Title: Anarchism and Our Times
Author: Nestor Makhno
Date: September 1925
Source: Delo Truda, N°4, September 1925, pp. 7-8, Translated from Russian to French by Alexandre Skirda and from French to English by Paul Sharkey. English translation revised with reference to the Russian by the Nestor Makhno Archive. Text retrieved from RevoltLib.com on April 6, 2021.

Anarchism is not merely a doctrine that deals with the social aspect of human life, in the narrow meaning with which the term is invested in political dictionaries and, at meetings, by our propagandist speakers: anarchism is also the study of human life in general.

Over the course of the elaboration of its overall world picture, anarchism has set itself a very specific task: to encompass the world in its entirety, sweeping aside all manner of obstacles, present and yet to come, which might be posed by bourgeois capitalist science and technology, with the aim of providing humanity with the most exhaustive possible explanation of existence in this world and of making the best possible fist of all the problems which may confront it. This approach should help humanity to develop consciousness of the anarchism that is, as far as I know, naturally inherent in us to the extent that humanity is continually being faced with partial manifestations thereof.

It is only on the basis of the will of the individual that anarchist teachings can be embodied in real life and clear a path that will help humanity to banish all spirit of submission from its bosom.

Anarchism knows no bounds to its development.

Anarchism acknowledges no banks within which it might be confined and fixed.

Anarchism, like human existence generally, has no definitive formulas for its aspirations and objectives.

As I see it, the right of every person to unlimited freedom, as defined by the theoretical postulates of anarchism, are only a means by which anarchism can achieve its more or less complete expression, whilst continuing to develop. And only here anarchism becomes clear for each of us: having banished from humanity that spirit of submission that has been artificially instilled in it, anarchism thereafter becomes the leading idea for the human masses on their march towards the attainment of all their goals.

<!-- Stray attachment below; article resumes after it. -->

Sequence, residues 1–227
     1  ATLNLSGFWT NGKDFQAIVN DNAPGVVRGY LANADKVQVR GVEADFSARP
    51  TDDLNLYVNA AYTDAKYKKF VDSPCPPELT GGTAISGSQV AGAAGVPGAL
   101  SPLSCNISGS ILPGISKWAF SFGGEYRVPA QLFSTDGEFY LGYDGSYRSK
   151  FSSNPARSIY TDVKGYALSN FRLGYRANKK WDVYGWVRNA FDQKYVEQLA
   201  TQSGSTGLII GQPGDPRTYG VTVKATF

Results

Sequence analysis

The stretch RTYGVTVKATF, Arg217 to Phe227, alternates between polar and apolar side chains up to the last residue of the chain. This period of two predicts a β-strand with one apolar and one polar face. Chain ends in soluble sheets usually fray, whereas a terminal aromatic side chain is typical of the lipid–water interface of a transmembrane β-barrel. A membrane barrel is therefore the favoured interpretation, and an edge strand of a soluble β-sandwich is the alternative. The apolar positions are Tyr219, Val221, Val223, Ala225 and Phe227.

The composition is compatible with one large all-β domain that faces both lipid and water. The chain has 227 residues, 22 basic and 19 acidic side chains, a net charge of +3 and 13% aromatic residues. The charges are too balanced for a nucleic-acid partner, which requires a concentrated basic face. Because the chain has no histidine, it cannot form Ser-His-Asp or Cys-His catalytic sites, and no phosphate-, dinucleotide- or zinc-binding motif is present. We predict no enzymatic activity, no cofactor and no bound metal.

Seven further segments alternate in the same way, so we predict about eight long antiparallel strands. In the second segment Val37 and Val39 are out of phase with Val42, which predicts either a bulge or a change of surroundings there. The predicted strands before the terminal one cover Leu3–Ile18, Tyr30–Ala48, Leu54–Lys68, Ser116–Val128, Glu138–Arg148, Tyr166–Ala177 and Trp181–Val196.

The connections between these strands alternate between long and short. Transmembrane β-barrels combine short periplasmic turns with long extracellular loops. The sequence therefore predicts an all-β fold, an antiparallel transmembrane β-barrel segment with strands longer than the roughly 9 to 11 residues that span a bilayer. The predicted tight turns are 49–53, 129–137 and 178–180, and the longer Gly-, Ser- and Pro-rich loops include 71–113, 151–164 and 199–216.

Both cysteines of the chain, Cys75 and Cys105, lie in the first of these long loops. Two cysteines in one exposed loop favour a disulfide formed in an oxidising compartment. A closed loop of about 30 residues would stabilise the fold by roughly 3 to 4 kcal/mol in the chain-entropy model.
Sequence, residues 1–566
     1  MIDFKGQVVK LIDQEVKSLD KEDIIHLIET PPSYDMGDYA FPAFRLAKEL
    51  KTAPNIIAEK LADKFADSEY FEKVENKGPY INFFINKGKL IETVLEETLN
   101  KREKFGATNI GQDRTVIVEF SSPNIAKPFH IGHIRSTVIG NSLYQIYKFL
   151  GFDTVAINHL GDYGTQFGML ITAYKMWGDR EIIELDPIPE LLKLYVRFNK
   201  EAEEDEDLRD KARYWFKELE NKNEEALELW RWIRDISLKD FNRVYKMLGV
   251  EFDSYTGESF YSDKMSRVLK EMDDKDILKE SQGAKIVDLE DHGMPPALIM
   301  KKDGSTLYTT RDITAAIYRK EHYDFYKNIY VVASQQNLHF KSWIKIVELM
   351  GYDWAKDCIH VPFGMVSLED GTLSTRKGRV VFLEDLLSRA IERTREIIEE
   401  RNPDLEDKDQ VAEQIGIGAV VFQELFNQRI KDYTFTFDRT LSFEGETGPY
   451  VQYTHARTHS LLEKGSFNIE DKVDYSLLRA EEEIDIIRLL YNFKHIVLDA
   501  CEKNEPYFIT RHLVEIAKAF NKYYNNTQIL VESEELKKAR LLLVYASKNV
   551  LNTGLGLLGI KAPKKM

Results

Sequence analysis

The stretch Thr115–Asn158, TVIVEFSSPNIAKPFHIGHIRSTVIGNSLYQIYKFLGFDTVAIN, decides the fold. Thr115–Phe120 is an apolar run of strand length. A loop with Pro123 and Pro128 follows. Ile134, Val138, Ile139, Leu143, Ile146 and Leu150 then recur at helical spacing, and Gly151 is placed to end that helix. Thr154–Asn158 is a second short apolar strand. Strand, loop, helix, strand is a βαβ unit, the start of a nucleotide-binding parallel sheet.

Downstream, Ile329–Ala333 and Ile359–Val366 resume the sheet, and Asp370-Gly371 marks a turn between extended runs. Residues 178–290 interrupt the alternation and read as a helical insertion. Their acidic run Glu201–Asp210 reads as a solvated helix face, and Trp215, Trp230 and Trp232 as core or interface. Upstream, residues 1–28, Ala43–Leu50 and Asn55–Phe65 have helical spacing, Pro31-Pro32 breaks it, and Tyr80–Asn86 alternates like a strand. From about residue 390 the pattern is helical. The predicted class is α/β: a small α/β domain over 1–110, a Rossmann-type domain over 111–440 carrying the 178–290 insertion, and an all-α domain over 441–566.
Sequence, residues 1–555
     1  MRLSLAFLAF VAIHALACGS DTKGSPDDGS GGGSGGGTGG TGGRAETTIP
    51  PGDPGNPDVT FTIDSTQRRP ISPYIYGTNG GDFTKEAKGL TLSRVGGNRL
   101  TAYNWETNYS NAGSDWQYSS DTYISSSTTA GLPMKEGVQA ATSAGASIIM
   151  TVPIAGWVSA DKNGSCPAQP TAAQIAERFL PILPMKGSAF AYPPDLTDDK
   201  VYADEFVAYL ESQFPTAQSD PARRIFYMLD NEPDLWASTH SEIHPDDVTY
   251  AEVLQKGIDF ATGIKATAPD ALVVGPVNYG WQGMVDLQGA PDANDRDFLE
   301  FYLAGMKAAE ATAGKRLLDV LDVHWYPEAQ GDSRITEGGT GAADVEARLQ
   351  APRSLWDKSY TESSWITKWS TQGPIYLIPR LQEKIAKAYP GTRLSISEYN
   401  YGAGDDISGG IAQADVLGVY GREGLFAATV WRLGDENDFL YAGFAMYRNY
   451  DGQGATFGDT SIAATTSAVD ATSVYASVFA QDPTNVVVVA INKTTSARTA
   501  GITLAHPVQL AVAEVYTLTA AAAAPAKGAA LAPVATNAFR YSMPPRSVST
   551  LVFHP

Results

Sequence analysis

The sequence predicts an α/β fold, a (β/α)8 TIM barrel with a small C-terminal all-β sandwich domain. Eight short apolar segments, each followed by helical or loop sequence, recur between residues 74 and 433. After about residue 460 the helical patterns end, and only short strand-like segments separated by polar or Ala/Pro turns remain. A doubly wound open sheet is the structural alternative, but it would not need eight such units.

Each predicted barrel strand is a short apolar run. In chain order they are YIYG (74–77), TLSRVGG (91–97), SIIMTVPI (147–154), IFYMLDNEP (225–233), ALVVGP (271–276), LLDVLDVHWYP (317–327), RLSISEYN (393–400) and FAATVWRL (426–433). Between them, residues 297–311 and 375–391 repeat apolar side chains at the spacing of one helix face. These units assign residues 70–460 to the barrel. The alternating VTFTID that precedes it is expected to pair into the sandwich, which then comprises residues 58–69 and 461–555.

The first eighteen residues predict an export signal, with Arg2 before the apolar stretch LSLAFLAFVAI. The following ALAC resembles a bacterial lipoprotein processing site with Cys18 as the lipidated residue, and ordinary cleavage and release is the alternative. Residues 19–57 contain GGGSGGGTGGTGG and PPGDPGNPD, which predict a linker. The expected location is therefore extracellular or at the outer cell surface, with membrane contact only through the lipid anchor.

Theoretically, anarchism in our day is still regarded as weak, badly developed and even - some would say - often interpreted wrongly in many respects. However, its exponents - they say - have plenty to say about it: many are constantly prattling about it, militating actively and sometimes complaining of its lack of success (I imagine, in this last instance, that this attitude is prompted by the failure to devise, through research, the social wherewithal vital to anarchism if it is to gain a foothold in contemporary society…).

In reality, wherever human life is to be found, anarchism is alive. On the other hand, it becomes accessible to the individual only where it boasts propagandists and militants, who have honestly and entirely severed their connections with the slave mentality of our age, something, by the way, that brings savage persecution down upon their heads. Such militants aspire to serve their beliefs unselfishly, without fear of uncovering unsuspected aspects in the course of their development, the better to digest them as they proceed, if need be, and in this way they pave the way for the success of the anarchist spirit over the spirit of submission.

Two theses arise out of the above:

  • the first is that anarchism assumes a variety expressions and forms, whilst retaining a perfect integrity in its essentials;

  • the second is that anarchism is inherently revolutionary and can adopt only revolutionary modes of action in the struggle against its oppressors.

In the course of its revolutionary struggle, anarchism not merely overthrows governments and discards their laws, but also sets about the society that spawned their values, their "mores" and their "morality," which is what makes it increasingly known and understood by the oppressed sectors of humanity.

All of which inclines us to the firm belief that anarchism in our time can no longer remain walled up inside the narrow parameters of a marginal thinking to which only a few tiny groups operating in isolation subscribe. The natural influence of anarchism on the psyche of the human masses in struggle is all too apparent. But if the influence of anarchism is to be assimilated by the masses in a conscious fashion, anarchism must henceforth arm itself with new approaches and embark on the path of social action now, in our times.